SPOILERS for Season 1 of NOS4A2 follow:
Here’s a partial list of things the hit AMC show NOS4A2 is about: A Christmas-themed amusement park; A magical motorbike; Soothsaying Scrabble tiles; Alcoholism and generational trauma; Cannibal children; a 1938 Rolls Royce Wraith; Creativity as a superpower. Here’s one thing the show is not about: Vampires.
The word vampire is never used in the show’s first season. Its central villain, Charlie Manx, is never seen drinking blood and moves freely during daytime hours. In the sense that he drains his victims of their essence and turns them into evil, bloodthirsty monsters, he is a vampire-like figure. But his enthusiasm for vintage automobiles and a certain late-December holiday makes him a more agnostic monster, at least when he’s not appearing in his desiccated true form.
Based on the Joe Hill novel, the first season of the show slowly revealed its curious narrative universe, which is as much in the realm of fantasy as horror. The show’s lead — the eternally anguished Vic McQueen (Ashleigh Cummings) — is a “strong creative” who is able to summon a bridge that allows her to travel “the shorter way” to find lost things. This puts her on the radar of Charlie Manx (Zachary Quinto, relishing the role), a sinister figure who kidnaps abused children and spirits them to Christmasland, a Neverland of rides and delights. They get saved from their abusive families, never have to grow up, and get to play fun games like “Scissors For the Drifter;” Manx gets to drain them of their humanity so that he can stay young for eternity. It’s a win-win!
Sadly, that’s not how Vic McQueen sees it. At the climax of season 1, she torches Manx’s Wraith, leaving him on life support (if it seems highly suspicious that the authorities would leave a 100-plus-year-old child kidnapper with a face full of spiked teeth connected to expensive life-support just in case he wakes up and can be hauled off to prison for the rest of his life, don’t worry: He dies for real in the opening of the second season). But with her boyfriend (and baby’s daddy) Craig dying in the Wraith’s backseat, the encounter has left Vic traumatized. Like her father, she uses booze to keep her demons at bay, which is taking its toll on her relationship with the kind-but-nerdy mechanic Lou Carmody (Jonathan Langdon) and her son Wayne (Jason David).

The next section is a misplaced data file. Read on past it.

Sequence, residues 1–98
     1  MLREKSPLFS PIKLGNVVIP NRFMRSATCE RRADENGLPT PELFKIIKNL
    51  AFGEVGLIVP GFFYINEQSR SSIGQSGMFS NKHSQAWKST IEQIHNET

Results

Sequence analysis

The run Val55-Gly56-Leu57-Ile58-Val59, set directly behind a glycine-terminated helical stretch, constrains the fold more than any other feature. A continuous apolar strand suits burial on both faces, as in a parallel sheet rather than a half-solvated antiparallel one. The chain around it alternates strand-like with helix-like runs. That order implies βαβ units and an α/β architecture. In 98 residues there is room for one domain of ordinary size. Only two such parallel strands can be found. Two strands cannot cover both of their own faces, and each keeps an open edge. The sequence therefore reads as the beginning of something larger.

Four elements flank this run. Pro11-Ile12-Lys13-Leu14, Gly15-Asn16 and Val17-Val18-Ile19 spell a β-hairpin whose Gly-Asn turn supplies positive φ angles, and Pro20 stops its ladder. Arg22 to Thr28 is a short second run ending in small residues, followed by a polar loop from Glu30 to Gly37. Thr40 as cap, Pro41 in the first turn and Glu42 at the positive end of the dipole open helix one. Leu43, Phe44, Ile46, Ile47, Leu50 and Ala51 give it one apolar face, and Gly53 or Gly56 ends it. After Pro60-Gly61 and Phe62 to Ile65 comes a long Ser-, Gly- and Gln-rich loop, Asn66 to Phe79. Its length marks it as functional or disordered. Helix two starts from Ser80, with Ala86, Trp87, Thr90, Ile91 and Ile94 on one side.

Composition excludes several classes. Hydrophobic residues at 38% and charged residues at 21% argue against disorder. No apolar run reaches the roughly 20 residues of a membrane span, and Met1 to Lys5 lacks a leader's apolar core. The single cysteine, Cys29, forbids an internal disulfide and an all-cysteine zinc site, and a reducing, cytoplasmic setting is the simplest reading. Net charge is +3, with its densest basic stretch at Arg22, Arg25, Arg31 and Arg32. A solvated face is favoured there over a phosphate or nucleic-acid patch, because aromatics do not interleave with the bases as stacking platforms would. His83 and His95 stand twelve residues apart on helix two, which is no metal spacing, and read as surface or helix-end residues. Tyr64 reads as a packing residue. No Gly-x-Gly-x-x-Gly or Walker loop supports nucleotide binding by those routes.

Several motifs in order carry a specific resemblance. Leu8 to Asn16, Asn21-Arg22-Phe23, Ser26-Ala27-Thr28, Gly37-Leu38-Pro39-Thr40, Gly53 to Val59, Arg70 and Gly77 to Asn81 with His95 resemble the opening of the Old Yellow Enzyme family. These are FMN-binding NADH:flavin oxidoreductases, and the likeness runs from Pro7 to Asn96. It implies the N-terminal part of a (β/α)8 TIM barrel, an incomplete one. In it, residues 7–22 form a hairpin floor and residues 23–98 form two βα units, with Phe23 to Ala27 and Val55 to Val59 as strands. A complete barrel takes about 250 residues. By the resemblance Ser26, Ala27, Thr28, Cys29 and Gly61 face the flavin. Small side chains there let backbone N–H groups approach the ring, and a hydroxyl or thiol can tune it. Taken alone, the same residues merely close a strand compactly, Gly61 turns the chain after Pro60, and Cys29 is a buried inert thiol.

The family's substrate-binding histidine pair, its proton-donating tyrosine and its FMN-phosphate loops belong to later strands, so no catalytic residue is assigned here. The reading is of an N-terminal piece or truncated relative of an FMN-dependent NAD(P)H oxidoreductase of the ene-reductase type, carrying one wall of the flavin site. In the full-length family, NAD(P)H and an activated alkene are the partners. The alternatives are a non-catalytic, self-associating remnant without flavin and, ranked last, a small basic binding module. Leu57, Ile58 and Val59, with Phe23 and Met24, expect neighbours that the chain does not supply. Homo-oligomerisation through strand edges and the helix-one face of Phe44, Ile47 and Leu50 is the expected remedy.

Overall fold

Like its first season, early episodes of NOS4A2 season 2 spend a surprising amount of time digging into dysfunctional relationships and the way the unresolved issues from our past can haunt our present. This extends to Charlie Manx, who gets something of an origin story in the second episode. Though faster than the first season, the show’s patient pacing emphasizes character development; even Milly, the de facto leader of the haunted children in Christmasland, gets a backstory.
But the show is at its best when its tensions run high and with Manx now menacing Vic’s son, the stakes feel higher than ever this year. It also helps that the hulking but dull Bing Partridge (Olafur Darri Olafsson), who was somewhat sympathetic through much of the first season, is now fully committed to the role of menacing henchman. And the show's plotting has quickened considerably, thanks to the brush clearing of its exposition-heavy first season.
From its pacing to its character development to its action, the second season of NOS4A2 is an improvement on its first. It may not be about vampires, per se, but there’s plenty to sink your teeth into.
NOS4A2 airs Sunday nights at 10pm ET on AMC. You can catch up on the first season, commercial free, with AMC+